If the consortium members decide to base their cost-sharing formula on volume or value of production and/or imports, they should ensure that this data is collected by a trustee and is not disclosed to the other consortium members. This is to ensure that the parties do not exchange sensitive information which may lead to restriction of competition in the European Union, contrary to competition law rules. The consortium agreement may contain provisions on the procedure for the adoption of the budget and the control of its implementation.
Other Consortium Issues
The duration of the consortium is also determined by its members. If the objective of the consortium is to submit a joint registration dossier, the consortium may be dissolved with the submission of the last dossier. The consortium may also have a fixed duration of 12 years from submission of the registration dossier, during which period consortium members would benefit from data protection under REACH and could require compensation from registrants of the same substance wishing to refer to their registration dossier.
The activity of the consortium should be strictly limited to co-operation for compliance with REACH. Any further exchange of sensitive market information such as volume, value of sales, market shares, division of markets, price increases, marketing strategies and others could lead to restriction of competition in the EU market and would violate EU competition rules. If the consortium members need to provide information on volumes under the cost-sharing agreement, then they must ensure that these figures are communicated to a neutral third party trustee who is bound to keep this information confidential. The consortium agreement should contain provisions which ensure that competition law is respected and may contain liability clauses for breach of these provisions.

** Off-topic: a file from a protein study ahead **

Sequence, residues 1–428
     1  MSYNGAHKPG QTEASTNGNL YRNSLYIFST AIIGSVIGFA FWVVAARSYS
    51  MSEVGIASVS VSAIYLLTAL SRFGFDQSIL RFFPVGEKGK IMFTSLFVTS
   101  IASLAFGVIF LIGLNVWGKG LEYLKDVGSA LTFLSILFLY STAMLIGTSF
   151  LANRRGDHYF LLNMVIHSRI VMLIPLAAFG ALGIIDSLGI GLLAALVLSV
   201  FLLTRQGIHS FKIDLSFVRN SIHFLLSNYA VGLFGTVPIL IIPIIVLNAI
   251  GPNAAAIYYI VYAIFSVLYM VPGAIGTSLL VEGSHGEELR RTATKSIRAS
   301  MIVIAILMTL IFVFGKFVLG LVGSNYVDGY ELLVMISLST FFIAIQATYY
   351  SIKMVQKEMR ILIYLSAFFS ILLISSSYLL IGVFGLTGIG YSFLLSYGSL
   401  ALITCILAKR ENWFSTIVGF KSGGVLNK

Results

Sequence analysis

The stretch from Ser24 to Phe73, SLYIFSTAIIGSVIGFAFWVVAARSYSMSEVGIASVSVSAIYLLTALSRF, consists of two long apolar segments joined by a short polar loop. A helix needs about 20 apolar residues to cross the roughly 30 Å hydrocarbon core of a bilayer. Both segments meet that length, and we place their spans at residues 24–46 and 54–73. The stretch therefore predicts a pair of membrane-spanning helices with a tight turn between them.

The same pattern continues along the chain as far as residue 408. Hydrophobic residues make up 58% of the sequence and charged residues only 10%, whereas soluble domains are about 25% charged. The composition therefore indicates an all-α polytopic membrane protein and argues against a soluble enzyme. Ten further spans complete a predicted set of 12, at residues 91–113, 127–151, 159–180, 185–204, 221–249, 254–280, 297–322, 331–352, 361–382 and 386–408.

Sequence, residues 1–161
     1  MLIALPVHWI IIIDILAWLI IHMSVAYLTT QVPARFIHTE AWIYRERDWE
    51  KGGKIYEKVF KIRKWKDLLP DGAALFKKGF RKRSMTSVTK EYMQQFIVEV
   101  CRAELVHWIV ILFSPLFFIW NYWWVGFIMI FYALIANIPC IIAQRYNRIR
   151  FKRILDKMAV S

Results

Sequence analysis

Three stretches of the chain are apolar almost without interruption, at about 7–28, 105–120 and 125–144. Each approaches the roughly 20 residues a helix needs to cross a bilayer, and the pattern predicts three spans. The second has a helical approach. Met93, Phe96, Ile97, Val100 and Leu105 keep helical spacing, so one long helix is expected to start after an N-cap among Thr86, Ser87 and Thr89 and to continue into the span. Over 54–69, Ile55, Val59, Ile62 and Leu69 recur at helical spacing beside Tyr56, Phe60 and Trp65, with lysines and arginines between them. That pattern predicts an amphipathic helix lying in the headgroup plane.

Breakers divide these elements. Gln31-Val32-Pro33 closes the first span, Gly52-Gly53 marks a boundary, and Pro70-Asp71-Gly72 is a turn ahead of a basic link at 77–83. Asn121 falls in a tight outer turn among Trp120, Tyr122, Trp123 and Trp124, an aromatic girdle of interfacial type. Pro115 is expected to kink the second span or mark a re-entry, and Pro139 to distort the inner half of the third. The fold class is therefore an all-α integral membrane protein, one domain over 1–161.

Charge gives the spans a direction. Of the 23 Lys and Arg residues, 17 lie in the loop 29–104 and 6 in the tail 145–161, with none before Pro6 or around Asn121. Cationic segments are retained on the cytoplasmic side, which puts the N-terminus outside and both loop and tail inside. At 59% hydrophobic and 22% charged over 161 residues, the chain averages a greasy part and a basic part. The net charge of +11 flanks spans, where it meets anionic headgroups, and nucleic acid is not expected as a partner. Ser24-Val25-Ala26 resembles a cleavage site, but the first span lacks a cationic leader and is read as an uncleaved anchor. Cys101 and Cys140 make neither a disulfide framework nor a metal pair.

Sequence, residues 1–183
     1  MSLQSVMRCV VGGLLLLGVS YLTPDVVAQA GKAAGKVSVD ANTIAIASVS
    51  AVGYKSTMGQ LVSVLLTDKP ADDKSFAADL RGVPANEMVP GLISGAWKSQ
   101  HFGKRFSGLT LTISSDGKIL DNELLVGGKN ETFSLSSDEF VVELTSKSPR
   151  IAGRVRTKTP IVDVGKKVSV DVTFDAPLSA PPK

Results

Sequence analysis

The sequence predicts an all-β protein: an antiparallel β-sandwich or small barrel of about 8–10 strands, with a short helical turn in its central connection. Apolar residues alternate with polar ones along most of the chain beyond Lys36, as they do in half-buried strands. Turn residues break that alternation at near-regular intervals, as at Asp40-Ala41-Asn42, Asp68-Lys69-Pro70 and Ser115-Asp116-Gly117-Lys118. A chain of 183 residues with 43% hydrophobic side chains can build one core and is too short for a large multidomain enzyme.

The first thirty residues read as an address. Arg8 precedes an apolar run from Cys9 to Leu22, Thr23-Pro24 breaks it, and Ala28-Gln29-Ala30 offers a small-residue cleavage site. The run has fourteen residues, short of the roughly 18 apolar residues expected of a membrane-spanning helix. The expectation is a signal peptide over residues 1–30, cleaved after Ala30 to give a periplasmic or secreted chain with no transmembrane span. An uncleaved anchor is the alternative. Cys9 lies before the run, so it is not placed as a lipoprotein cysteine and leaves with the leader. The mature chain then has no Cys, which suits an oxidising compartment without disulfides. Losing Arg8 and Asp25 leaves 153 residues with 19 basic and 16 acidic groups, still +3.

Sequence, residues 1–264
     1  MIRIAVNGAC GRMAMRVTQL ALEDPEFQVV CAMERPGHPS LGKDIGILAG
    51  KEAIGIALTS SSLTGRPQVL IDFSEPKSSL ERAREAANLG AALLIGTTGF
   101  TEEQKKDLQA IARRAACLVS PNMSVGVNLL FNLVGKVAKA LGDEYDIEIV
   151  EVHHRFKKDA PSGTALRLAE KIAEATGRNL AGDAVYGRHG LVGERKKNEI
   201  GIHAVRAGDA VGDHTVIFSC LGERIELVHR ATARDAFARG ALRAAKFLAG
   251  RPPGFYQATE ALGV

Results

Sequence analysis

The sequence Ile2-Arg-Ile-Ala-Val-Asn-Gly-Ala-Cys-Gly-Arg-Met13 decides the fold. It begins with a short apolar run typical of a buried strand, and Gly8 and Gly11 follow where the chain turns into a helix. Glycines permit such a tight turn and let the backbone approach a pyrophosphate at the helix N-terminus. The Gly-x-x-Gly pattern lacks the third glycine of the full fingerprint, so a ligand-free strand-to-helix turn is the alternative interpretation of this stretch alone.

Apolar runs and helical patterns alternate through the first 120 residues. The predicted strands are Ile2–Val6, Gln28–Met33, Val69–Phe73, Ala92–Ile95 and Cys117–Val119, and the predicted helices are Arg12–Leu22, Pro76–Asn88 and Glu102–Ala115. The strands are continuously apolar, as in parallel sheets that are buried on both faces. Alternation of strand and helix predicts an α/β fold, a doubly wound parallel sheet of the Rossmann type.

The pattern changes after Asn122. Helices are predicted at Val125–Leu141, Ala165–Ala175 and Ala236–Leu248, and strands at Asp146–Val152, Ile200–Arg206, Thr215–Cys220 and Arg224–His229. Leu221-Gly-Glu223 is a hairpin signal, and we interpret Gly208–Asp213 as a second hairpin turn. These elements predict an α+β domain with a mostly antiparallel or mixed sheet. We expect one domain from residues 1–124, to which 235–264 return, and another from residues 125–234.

The consortium agreement may address the issue of liability of consortium members against the other members for breaches of the consortium agreement and, in particular, the confidentiality provisions. The agreement may contain further provisions on the liability of the secretariat and additional liability of the lead registrant. The consortium members may limit the liability in certain cases.
Governing Law and Dispute Settlement
The consortium agreement bears the typical features of any other agreement and should therefore provide for a governing law and a dispute settlement mechanism. In practice, the governing law can be the law of any EU Member State, provided that international private law rules are observed. The consortium members may also agree on a dispute settlement mechanism which may include mediation and/or arbitration procedures.
REACH obligations for joint submission and data sharing lead to the conclusion that REACH compliance is not possible without co-operation among manufacturers and/or importers of the same substance. REACH, however, does not provide detailed rules for such co-operation. The attainment of REACH objectives will therefore depend entirely on the manner in which the industry organises itself. A consortium agreement can have a number of positive effects, such as clear membership rules, control over costs, reduced labour intensity and also provide a means of choosing best quality studies, whilst protecting confidential information. The consortium members may also determine the degree of flexibility they will enjoy when preparing the registration dossier for the selected substances. The consortium agreement is therefore a convenient tool to organise compliance with REACH obligations and at the same time safeguard the essential business interests of the participating companies.